Answer: They are very necessary if you want to look at the eclipse when it is not in totality. You can permanently damage your vision if you stare at the sun without verified safe eclipse glasses.
If you are in the path of totality, you can look at the eclipse unaided ONLY during the totality, which in Oregon specifically happens at these times:
Lincoln City: 10:16 a.m. - 10:18 a.m.
Salem: 10:17 a.m. - 10:19 a.m.
Silverton: 10:17 a.m. - 10:19 a.m.
Corvallis: 10:16 a.m. - 10:18 a.m.
Terrebonne: 10:19 a.m. - 10:21 a.m.
Madras: 10:19 a.m. - 10:21 a.m.
If you're looking for indirect ways to experience the eclipse, read American Astronomy Society spokesman Dr. Fienberg's suggestions here.
Question: Can I use X-ray film or regular sunglasses to view the eclipse?
Answer: No. National Geographic says all of these options are dangerous. The only way to look at the eclipse directly is by using verified safe solar eclipse glasses or a number 14 welder's shield.
Question: Can I look at the eclipse through a telescope?
Answer: You cannot look at the eclipse through a camera, telescope or binoculars without a special solar filter. Solar filters should be made specifically for sun viewing by an AAS-verified company (scroll to the bottom of the page in link for the list of solar filter companies).
Do not use these solar filters as glasses. They are made to work with a lens only.
There are some telescopes and binoculars made especially for solar viewing. An AAS verified list is here.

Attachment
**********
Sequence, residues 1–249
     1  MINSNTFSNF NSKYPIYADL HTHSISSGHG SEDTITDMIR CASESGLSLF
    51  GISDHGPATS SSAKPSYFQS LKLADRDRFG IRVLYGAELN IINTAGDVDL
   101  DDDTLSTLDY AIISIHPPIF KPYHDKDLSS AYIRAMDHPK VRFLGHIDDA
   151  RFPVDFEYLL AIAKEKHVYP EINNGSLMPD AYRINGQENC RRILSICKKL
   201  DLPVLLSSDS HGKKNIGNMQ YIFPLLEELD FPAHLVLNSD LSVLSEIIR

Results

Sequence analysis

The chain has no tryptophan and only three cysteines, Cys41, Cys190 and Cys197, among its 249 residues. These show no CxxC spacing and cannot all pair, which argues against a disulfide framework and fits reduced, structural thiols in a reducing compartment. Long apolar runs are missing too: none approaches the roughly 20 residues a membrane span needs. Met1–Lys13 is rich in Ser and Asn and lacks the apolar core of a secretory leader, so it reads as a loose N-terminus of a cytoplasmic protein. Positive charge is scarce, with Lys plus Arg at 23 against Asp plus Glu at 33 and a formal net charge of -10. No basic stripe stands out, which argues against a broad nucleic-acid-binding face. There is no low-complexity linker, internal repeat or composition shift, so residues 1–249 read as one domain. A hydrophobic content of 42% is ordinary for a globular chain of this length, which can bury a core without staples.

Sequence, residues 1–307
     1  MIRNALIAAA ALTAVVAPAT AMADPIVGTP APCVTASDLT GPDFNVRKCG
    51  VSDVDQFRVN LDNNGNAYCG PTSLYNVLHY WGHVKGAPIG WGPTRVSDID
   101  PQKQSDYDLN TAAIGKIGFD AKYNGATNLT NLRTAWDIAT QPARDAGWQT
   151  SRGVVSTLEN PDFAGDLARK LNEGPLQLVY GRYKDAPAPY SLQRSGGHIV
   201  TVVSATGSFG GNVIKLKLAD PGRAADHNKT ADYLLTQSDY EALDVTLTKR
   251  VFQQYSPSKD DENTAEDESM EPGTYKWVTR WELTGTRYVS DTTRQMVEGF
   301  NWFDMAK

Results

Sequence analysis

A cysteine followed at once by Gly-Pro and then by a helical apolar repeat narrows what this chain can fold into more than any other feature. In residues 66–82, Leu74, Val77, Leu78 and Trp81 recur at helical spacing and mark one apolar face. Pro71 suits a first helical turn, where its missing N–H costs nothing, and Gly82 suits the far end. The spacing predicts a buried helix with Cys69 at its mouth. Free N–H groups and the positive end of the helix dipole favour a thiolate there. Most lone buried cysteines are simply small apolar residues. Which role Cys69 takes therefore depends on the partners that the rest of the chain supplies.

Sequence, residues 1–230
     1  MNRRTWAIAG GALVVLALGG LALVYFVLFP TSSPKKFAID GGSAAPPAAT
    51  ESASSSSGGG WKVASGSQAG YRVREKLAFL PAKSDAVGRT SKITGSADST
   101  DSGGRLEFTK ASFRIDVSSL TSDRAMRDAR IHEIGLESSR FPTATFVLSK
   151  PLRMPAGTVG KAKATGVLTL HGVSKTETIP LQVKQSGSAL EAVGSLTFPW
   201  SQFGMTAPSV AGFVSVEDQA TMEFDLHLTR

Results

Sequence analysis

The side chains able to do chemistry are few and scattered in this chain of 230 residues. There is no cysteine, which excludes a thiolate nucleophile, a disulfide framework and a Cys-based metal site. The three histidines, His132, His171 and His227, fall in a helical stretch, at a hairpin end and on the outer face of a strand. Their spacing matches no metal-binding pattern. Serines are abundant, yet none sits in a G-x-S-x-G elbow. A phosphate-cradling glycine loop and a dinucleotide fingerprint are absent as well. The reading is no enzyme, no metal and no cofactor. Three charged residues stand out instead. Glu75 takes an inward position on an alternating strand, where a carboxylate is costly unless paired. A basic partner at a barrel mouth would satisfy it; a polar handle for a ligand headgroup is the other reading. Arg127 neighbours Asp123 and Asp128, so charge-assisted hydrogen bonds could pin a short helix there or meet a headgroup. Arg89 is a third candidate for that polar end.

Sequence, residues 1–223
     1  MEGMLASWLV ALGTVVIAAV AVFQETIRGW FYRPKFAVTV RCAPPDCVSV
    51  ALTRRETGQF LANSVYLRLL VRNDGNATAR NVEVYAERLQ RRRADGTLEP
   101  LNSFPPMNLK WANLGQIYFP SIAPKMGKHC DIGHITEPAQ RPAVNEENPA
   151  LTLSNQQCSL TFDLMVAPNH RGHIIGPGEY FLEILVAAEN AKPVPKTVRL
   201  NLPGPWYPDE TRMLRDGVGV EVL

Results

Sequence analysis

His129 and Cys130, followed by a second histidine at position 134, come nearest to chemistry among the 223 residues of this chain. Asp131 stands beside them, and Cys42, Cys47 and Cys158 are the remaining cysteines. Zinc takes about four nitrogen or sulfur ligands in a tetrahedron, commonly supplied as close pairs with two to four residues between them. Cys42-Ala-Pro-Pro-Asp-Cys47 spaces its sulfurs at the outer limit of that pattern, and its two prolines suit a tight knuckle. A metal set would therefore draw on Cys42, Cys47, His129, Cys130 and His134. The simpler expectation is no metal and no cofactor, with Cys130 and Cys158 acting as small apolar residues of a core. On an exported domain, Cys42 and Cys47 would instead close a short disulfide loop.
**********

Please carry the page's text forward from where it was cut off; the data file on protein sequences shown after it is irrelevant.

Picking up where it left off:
Question: Can I use a welding hood to look at the eclipse?
Answer: According to NASA, a 14 rated welder's shield is sufficient.
Question: How will the eclipse affect those who have had cataract surgery that replaces the pupil with synthetic material?
Answer, from Dr. Lorne Yudcovitch, professor at Pacific University College of Optometry:
"People who have had cataract surgery usually have an artificial lens placed inside their eye that has replaced their natural lens. Because this artificial lens is clear, it allows much more light into the eye than their original natural lens. The clarity of this artificial lens is similar to the clarity of the natural human lens during childhood.
"Since children can safely view the eclipse through certified eclipse glasses from a reputable company (as long as the lenses are properly covering and shielding their eyes from the sun), adults who have had cataract surgery can do the same.
"P.S. - As a side-note, some artificial lenses used in cataract surgery come with extra ultraviolet (UV) protection, to mimic the adult natural lens. While this may be a nice added feature, it would likely not provide any significant additional protection from directly viewing the sun, which can damage the retina at wavelengths other than UV wavelengths. So the eclipse viewers should definitely still be used."
Question: Where can I buy eclipse glasses?
Answer: The bad news: Safe eclipse glasses are sold out of most retailers and libraries across the city have run out of nearly all glasses. The good news: OMSI is restocking. Check Thursday morning when OMSI opens at 9:30 a.m.
Question: I bought eclipse glasses from an unverified vendor. Is it safe to just wear two pairs of glasses?
Question: How can I watch the eclipse without eclipse glasses?
Answer: Dr. Rick Fienberg from AAS has the following suggestions for indirect eclipse viewing:
- Look at the shadows of a leafy tree. Those spaces will project pinhole images of the sun. It makes a nice photograph.
- Grab a spaghetti colander, take it outside. Look at the shadow of the spaghetti colander and you will see crescent projections from holes.
- Grab an index card and punch a tiny hole with a sharp pencil, and grab piece of white paper. Take those outside and stand with your back to sun. Look at shadow of index card against the white paper and there will be crescent sun projected by the pinhole.